GPR modeling

This summer I had the chance to participate in a DAAD Rise Pro internship, which, I would highly suggest to anybody who would be interested in exploring research in another country -I put the link at the end of this blog entry. I was an intern at the Forschungzentrum Jülich, under the supervision of Professor Jan Van der Kruk and his post-doctoral student, Anja Klötzsche. Prof Van der Kruk is well-known in the field of hydrogeophysics, and from the little I have gathered, works alot with ground penetrating radar whether it be for surface or borehole measurements.

Therefore, the project I worked on this summer covered between borehole GPR measurements in a rhizotron facility. The final goal of the project is to be able to model the soil water content in the rhizotron in time. The first thing I learned was what a rhizotron is, which is basically a trench with horizontal boreholes. The horizontal boreholes are what made things complicated since GPR measurements are mostly done between vertical boreholes. Therefore, there is not much literature on horizontal borehole GPR measurements, especially concerning the interaction between the direct wave and the air-refracted waves. To get a better idea of this interaction, we decided to model our measurements using GPRmax. This powerful tool is based on a finite-difference time domain modeling of electromagnetic wave propagation. It is fairly easy to use, since it only requires that you know the geometry and electro-magnetic propreties of the environment you want to simulate, your source wave, and your transmitter and receptor positions and localizations. Once these parameters are known, running GPRmax will allow you to predict the wave you will record at the receiver. GPRmax is free to se and an added bonus is that the GPRmax team has recently updated their page: . You can find the executables and the very well-down user’s manual there. Good luck to all your EM wave modellers!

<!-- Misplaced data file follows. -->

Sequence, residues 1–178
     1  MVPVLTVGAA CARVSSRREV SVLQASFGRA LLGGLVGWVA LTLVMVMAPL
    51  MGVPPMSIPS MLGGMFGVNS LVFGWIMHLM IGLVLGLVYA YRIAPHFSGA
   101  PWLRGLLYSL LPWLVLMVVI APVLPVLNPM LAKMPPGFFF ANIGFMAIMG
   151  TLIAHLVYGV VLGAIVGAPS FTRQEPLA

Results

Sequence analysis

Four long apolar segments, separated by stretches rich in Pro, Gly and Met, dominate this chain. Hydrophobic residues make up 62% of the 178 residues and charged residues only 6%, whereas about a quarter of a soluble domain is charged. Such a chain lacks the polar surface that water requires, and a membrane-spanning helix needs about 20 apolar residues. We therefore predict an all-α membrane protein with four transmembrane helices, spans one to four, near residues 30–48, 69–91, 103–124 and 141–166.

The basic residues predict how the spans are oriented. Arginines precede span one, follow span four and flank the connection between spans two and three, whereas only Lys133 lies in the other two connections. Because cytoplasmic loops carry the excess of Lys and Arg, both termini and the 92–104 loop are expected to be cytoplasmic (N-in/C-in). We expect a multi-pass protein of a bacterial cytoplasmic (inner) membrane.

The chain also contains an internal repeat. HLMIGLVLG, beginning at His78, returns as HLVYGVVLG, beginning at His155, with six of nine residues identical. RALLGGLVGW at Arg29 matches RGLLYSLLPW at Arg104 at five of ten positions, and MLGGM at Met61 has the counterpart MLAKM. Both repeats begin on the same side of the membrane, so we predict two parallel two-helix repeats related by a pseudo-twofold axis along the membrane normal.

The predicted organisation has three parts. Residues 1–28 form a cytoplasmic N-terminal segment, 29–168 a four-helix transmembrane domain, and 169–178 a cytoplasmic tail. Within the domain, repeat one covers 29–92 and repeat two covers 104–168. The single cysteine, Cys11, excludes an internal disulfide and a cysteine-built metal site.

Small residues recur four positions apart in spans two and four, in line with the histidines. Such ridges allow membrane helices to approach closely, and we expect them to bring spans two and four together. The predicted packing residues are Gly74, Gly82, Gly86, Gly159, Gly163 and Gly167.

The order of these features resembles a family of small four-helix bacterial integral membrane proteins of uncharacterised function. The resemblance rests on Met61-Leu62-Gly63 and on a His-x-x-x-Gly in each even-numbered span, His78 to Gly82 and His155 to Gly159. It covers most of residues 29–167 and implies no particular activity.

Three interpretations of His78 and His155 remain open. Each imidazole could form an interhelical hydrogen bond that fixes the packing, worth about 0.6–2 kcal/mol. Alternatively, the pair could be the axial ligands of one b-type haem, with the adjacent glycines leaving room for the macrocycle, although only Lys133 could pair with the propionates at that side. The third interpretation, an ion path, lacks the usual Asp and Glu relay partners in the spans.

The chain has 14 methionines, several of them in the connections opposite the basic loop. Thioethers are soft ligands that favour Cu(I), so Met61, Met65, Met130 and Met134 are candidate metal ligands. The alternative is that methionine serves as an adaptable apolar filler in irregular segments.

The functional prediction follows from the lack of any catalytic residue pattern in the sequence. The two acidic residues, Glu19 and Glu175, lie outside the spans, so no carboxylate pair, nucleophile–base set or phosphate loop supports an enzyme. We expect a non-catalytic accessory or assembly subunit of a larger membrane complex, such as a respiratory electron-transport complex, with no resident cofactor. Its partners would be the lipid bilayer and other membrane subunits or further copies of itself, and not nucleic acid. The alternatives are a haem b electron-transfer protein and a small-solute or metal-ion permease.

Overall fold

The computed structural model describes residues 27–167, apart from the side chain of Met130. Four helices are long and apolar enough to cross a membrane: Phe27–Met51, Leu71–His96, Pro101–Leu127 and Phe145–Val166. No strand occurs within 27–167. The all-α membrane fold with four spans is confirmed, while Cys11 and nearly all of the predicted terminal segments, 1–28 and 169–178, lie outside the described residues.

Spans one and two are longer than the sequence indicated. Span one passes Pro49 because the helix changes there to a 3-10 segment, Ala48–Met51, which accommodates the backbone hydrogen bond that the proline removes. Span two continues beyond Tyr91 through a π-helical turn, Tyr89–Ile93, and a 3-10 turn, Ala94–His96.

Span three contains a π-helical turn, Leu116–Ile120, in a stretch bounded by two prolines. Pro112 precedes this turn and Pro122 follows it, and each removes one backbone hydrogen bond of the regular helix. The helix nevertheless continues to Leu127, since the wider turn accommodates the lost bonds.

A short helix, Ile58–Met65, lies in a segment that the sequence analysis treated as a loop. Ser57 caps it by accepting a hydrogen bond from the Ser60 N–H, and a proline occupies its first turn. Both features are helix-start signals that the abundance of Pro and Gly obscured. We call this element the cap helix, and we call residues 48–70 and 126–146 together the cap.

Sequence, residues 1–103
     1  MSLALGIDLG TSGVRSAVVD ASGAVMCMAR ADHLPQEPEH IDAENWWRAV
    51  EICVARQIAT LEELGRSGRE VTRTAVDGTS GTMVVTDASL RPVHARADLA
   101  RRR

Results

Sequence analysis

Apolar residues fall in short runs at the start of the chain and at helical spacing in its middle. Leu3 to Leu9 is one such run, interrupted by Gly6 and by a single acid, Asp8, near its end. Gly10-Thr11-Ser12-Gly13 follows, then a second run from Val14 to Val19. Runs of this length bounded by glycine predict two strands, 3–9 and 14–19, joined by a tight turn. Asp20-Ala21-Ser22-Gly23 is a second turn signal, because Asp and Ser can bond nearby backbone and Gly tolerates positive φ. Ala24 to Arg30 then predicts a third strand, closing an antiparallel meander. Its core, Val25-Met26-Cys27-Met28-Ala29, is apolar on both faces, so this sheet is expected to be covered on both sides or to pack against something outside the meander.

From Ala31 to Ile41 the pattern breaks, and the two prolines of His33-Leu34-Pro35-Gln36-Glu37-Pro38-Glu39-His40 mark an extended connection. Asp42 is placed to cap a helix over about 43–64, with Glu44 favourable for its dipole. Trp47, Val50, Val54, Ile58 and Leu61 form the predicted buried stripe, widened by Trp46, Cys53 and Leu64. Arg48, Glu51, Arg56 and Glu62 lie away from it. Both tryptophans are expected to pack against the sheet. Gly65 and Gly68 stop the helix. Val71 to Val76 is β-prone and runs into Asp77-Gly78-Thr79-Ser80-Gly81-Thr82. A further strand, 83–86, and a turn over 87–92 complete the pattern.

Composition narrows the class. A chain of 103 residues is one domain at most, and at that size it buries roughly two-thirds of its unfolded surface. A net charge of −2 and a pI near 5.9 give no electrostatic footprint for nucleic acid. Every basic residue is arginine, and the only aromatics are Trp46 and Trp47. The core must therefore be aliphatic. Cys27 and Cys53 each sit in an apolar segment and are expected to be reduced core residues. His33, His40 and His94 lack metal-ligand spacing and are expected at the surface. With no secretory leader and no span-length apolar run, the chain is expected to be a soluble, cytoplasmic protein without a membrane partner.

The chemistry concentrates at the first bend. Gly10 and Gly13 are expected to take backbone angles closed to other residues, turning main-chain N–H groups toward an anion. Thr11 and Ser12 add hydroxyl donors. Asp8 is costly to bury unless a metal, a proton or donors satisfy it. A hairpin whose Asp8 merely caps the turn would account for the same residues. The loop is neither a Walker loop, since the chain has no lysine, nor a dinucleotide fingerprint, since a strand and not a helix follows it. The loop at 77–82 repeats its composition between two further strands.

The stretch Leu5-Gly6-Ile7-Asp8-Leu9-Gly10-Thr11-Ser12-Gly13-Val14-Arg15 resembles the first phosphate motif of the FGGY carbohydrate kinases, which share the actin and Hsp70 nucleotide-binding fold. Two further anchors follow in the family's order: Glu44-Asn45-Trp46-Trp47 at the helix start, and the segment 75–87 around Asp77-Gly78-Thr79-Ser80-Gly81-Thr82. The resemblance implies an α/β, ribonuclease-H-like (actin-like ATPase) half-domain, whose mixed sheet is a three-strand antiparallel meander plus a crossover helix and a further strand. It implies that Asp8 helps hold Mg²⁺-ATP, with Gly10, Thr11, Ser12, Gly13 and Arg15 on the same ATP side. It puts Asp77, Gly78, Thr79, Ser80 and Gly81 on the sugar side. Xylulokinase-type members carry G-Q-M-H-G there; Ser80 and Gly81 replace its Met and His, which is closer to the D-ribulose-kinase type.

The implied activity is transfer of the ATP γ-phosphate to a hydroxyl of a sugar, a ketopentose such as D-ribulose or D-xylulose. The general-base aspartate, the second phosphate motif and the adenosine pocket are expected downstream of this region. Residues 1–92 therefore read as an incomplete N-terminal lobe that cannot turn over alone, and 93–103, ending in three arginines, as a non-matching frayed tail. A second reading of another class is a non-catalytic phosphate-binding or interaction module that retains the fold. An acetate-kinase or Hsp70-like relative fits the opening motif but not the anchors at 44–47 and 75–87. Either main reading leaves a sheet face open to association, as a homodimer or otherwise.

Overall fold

Link to the german exchange program: